Tag Archives: learning grids

Improving literacy in Geography

Example of VCOP template
Example of VCOP template

Something we find our students struggle with at times, regardless of key stage, is the creation of extended writing. Such an essential skill, especially with a view to GCSE. The decision making exercise (SDME) essay that our students complete requires them to read, analyse, interpret and synthesise information into a coherent argument. And it is a big hurdle for them. And in KS3, where we have reduced contact time now, we have noticed a difficulty with stretching higher level writing.

This week we had INSET training from our literacy co-ordinator which was insightful. We are going to lead a Humanities-Literacy joint project which I will update you on later but may involve the creation of a makingwav.es platform for sharing work that I have mentioned before. Anyway, I digress. I was introduced to VCOP – a simple way to structure writing through suggesting vocabulary, listing connectives, providing sentence openers, and then reminding of punctuation. I decided to trial this with both KS3 and KS4 classes of all abilities and have been really pleased with the outcomes. Below are example lessons including VCOP from Yr11 Hazards & Yr9 Extreme Environments so you can see how it was worked into the lesson. We talked through the structure as a group first to establish its utility, then a copy was given between pairs for reference during writing. Students were allowed their books for reference, access to their mobile device, but were otherwise silent for 10-15minutes solid writing. After, we then discussed whether the structure had been useful and throughout all abilities and ages they universally agreed it was ‘good to refer to if you forgot something’ or that it ‘gave me something to start off with’. A starting block.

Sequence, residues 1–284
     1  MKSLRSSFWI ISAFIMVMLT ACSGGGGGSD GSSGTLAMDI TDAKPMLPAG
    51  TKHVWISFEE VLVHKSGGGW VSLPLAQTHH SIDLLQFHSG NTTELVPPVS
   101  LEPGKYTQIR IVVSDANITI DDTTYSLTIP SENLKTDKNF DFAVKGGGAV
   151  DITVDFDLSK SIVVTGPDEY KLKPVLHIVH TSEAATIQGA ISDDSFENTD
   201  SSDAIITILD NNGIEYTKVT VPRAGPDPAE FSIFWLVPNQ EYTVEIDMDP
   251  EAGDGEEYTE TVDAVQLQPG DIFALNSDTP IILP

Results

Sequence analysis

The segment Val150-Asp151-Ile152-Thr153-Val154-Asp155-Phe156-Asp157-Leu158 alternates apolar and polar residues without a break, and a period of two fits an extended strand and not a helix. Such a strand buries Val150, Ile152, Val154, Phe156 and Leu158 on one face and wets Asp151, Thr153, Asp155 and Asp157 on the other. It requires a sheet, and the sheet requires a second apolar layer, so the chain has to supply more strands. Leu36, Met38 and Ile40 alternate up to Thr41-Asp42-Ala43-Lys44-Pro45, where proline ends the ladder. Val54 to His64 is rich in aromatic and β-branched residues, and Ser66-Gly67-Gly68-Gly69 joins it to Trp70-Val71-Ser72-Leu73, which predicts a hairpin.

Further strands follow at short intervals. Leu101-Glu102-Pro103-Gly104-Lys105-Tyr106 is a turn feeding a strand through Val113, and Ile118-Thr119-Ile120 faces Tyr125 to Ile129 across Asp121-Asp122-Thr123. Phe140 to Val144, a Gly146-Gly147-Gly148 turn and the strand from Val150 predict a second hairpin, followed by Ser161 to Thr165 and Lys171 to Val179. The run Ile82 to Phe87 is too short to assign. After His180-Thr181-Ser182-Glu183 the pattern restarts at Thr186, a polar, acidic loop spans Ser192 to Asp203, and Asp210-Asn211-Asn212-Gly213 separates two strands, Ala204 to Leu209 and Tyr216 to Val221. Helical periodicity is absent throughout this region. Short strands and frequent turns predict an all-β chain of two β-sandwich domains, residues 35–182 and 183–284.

Thanks to @daviderogers for the NYC lesson outline that was his originally until I butchered it!

You can see in the Yr 11 Hazards lesson I also used the Learning Grids activity for their group work. Students had copies of the grids in A3, then had to roll two dice to get grid reference/coordinate for a particular grid and then include the statement within their group work, e.g. grid 6,6 means they must include a link to sustainability within their argument. They had to repeat the rolls 5 times to get 5 statements to include. When the groups presented their findings, I used the dice myself with the grid in order to direct questioning. Using the random name generator on Triptico I selected a student, then rolled the dice to select a question based on that topic. That student then got to roll for the next name suggested, and they got to pose the question, and so forth. That way a selection of random students were able to both pose & answer directed questions and it led to some really informative discussions as well as enabling more in depth AfL of the relative merits of each presentation.

The use of the template was observed by an Ofsted lead inspector for a different lesson who commented on it’s suitability and highlighted that one of their key focuses at present is that of literacy across the curriculum, and that teachers cannot do enough of making overt links to literacy &  the importance of writing skills for GCSE and the workplace.

I think a further development to the use of VCOP could be to provide specific links to English APP AF strands on writing, and make it clear that students are developing skills intrinsic and essential to both subject areas. In English they are exposed to the AF strands routinely so it would make the cross-over more familiar, and more of a development of a known rather than introduction of something new and scary.

I am also thinking of creating some generic VCOP laminated pyramids to be able to distribute to tables as needed. I’d be interested in hearing from others if you have used these. It seems something common in primary schools and strange to not continue when literacy is such a struggle.

“If you cannot write well, you cannot think well; if you cannot think well, others will do your thinking for you.” Oscar Wilde